Fundamentals of building design for fire and life safety. Emphasis on a systematic design approach. Basic considerations of building codes, fire loading, fire resistance, exit design, protective systems, and other fire protection systems.
Introduction to probability, modeling, and identification of nondeterministic problems in civil engineering. Development of stochastic concepts and simulation models and their relevance to design and decision problems in various areas of civil engineering.
Design of steel beams, plate girders, and beam columns. Bolted and welded connections. Design of typical frame systems.
Design of reinforced concrete building frames and continuous structures. Design of girders, slabs, columns, foundations, and retaining walls.
Building repair and retrofit issues are discussed. Specific requirements of a building for repair and/or reconstruction are emphasized. Methods of assessing building conditions, including forensic structural engineering are covered. Repair and strengthening methods based on types of materials (steel, concrete, masonry, timber), occupancy and function (residential, commercial), and building values are covered along with demonstration case studies and illustrative examples.
The analysis of structures (prototypes) with the aid of models constructed from metal, wood, plastics, and other materials. Geometrical, mathematical, demonstration, graphical and direct and indirect models will be treated. Comparisons of experimental results with results from computer models will be made. Similitude and the theory of models will be treated. Individual and group project work will be emphasized.
Design of unreinforced and reinforced masonry structural elements and structures. Serviceability and ultimate capacity design. Seismic response, resistance, and design. Design of wood columns and bending members. Mechanical fasteners and connectors. Instructor's consent may be granted to students who do not meet the prerequisite.
Review of blast effects produced by solid phase weapons and their effects on structures and people. Estimation of the risk of threats to security of public and private systems and facilities. Review of simplified structural methods for the analysis and design of structures to meet homeland security concerns and procedures to minimize casualties. Analysis of post-attack fires and how to prevent them. Examination of potential risk to security of infrastructure systems. Development of contingency plans to include evacuation preparedness at time of emergency.
Geographic information system (GIS) technology allows databases which display and query information in new ways. This course will teach general GIS and GPS skills and concepts, useful to students and practitioners in a variety of disciplines. Students will complete a final GIS project relevant to their field of study. This hands-on class will use ESRI's Arc View and Spatial Analyst products, as well as Trimble GeoExplorer GPS units.
Methods of subsoil exploration. Study of types and methods of design and construction of foundations for structures, including single and combined footings, mats, piles, caissons, retaining walls, and underpinning. Drainage and stabilization.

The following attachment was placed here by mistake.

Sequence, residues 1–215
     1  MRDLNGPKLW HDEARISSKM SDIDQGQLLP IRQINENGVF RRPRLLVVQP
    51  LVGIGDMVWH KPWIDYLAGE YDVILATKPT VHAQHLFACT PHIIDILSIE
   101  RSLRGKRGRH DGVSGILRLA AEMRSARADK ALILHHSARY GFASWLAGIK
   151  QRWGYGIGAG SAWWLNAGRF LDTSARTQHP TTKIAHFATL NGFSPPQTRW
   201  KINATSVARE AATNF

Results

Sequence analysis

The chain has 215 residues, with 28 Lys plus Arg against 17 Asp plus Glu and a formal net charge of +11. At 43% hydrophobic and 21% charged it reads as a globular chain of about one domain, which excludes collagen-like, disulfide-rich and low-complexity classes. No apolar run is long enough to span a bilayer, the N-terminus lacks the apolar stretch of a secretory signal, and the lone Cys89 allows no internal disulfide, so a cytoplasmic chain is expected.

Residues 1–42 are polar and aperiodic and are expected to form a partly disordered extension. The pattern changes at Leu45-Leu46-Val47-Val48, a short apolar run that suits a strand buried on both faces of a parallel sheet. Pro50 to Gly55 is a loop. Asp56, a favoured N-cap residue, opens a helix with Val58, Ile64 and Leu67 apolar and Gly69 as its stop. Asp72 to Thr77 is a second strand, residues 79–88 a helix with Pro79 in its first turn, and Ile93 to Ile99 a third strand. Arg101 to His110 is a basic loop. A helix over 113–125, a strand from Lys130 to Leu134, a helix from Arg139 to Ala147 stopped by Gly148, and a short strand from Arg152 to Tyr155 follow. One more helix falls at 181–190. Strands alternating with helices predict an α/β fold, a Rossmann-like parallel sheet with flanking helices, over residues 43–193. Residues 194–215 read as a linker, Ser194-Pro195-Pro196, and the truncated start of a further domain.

Study of plumbing systems, water supply, and venting systems. Study of fire protection systems for buildings including pipe sizing, pumps, sprinklers, gravity and pressure vessels, and controls.
Design of building exteriors, including the control of heat flow, air and moisture penetration, building movements, and deterioration. Study of the principle of rain screen walls and of energy conserving designs. Analytical techniques and building codes are discussed through case studies and design projects.
Study of the fundamental principles and engineering procedures for the design of heating, ventilating, and air conditioning systems; HVAC system characteristics; system and equipment selection; duct design and layout. Attention is given to energy conservation techniques and computer applications.
Identification of the optimal energy performance achievable with various types of buildings and service systems. Reduction of infiltration. Control systems and strategies to achieve optimal energy performance. Effective utilization of daylight, heat pumps, passive and active solar heaters, heat storage and heat pipes in new and old buildings.
Study of the analysis and design of electrical systems in buildings utilizing the National Electric Code. Topics include AC, DC, single-phase and three-phase circuits, transients, branch circuits, panel boards, system sizing, fault calculations and overcurrent protection design. Also studies the design and specification of emergency power backup and alternative power systems.
An intensive study of the calculation techniques and qualitative aspects of good luminous design. Topics covered include: photometric quantities and color theory, visual perception, standards, daylight and artificial illumination systems, radiative transfer, fixture and lamp characteristics, control devices, and energy conservation techniques. Design problems, field measurements, computer, and other models will be used to explore major topics.